Editor's Note: The spam data cited in this post is drawn from the network of Google email security and archiving services, powered by Postini, which provide email security to more than 50,000 organizations, including businesses of all sizes, government agencies, and educational institutions. To learn more about what the Gmail team is doing to keep spam out of your inboxes, check out this post.

Our "Spam Trend" update last quarter summarized the rise in both levels and types of spam, with new players and techniques entering the market. This quarter, proliferation continues, with an unpredictable pattern of drops and spikes as 2009 moves along. Overall, spam is measurably up: Q2'09 average spam levels are 53% higher than in Q1'09 and 6% higher than in Q2'08.

After last November's McColo ISP takedown, when spam volumes dropped by 70%, spammers worked overtime to fill the void. They succeeded: Within four months, spam levels rose back to pre-McColo levels. This upward trend continued through June 4, when another large ISP spam source, 3FN, was reported to have been dismantled. Spam volume immediately dropped 30% – not as extreme as McColo, but still significant. Although this created a sudden dip in spam levels, it also created an open invitation for opportunistic spammers to once again seize a market opportunity.

Over the coming months, we anticipate watching new players once again drive spam levels back up. Since June 4, spammers have already made up a significant amount of ground, climbing 14% from the initial drop.

Here's what the trend looked like, as tracked through Postini filters, over the past six months:

"Unpredictability" summarizes the overall trend as Q2'09 winds down and spammers test both new and "retro" techniques. For example, on June 18 we tracked a new attack that unleashed 50% of a typical day's spam volume in just two hours' time. This attack used a simple "newsletter" template – somewhat "old school" by today's spam standard – with malevolent links and images inserted into the content. Google's Postini filters detected more than 11,000 variants of this spam during those two hours. Because this spam enabled spoofing of the recipient domain (meaning the "from" field was falsified), distribution lists were especially hard-hit by this attack.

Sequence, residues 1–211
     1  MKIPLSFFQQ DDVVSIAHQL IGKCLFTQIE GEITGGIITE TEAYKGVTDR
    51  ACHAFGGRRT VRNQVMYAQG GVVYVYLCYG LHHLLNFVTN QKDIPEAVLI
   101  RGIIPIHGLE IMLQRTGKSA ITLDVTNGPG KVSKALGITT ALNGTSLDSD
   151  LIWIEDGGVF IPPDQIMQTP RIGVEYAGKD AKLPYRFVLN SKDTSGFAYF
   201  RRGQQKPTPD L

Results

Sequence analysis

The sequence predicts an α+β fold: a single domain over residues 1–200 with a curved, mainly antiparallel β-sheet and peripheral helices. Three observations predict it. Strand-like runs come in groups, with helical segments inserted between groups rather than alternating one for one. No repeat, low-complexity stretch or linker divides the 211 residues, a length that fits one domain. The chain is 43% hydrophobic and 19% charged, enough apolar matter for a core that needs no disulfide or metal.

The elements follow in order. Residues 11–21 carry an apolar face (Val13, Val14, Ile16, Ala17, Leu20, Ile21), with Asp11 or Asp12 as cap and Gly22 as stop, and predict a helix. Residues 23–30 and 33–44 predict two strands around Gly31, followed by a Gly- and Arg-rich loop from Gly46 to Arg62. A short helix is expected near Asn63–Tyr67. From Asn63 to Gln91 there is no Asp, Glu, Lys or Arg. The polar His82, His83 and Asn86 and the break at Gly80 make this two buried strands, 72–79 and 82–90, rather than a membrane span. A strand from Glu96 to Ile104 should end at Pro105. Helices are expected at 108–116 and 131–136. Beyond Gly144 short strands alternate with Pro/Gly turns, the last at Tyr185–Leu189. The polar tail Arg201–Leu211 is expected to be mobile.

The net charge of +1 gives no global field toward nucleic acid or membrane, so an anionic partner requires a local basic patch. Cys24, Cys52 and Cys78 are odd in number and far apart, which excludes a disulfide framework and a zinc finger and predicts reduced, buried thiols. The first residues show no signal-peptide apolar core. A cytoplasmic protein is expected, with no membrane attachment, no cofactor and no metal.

Resurgence of image spam

One of the other trends we're watching closely is the sudden popularity of "image spam"a form of spam that rose to prominence in 2007, before most anti-spam filters learned how to block it. It's simple stuff: basic email with advertising content, usually containing a related image. They can also include malicious links or contentand either way, the large file size of an image spam can place a heavy load on an email network.

An image spam email might look something like this:

Evidence of the resurgence in image spam can be seen in the graph below, which shows that the actual size of spam messages, measured in bytes, is back on the rise:

There are a couple of possible explanations for the resurgence in image spam, despite the fact that most spam filters out there have adapted to the technique. One theory is that this wave is designed to test the defenses
of the different spam filters out there, so that spammers can do statistical analysis on what subject lines and content have the highest probability of success.

Another is that there may be some new players entering the spam game, following the McColo and 3FN takedowns, and these new players are opening with some well-tested techniques. Either way, we're watching this trend and will share insights as we gain them in the weeks and months ahead.

Spike in payload viruses

June was also an active month for viruses sent as email attachments, otherwise known as "payload viruses." Volumes rose to their highest level in almost two years as spammers returned to yet another tried-and-true technique to expand their botnets.

As you can see in the chart below, June's activity is almost as high as the two-month payload virus surge seen in Q3'07. Fortunately, Google's Postini zero-hour heuristics detected this uprise early and kept payload attacks in the cloud and away from users' email networks.

Everything old might be new again

In summary, Q2'09 saw continued unpredictability and the resurgence of old-style spam attacks. Are spammers finally running out of original ideas? And if so, like Hollywood, are we now starting to see spam "remakes," based on originals of a few years ago? And what are spammers looking to accomplish as they unleash these remakes? Only time will tell.

For more information on how Google email security services, powered by Postini, can help your organization provide better spam protection and take a load off your network by halting spam in the cloud, visit www.google.com/postini.

Posted by Amanda Kleha, Google message security and archiving team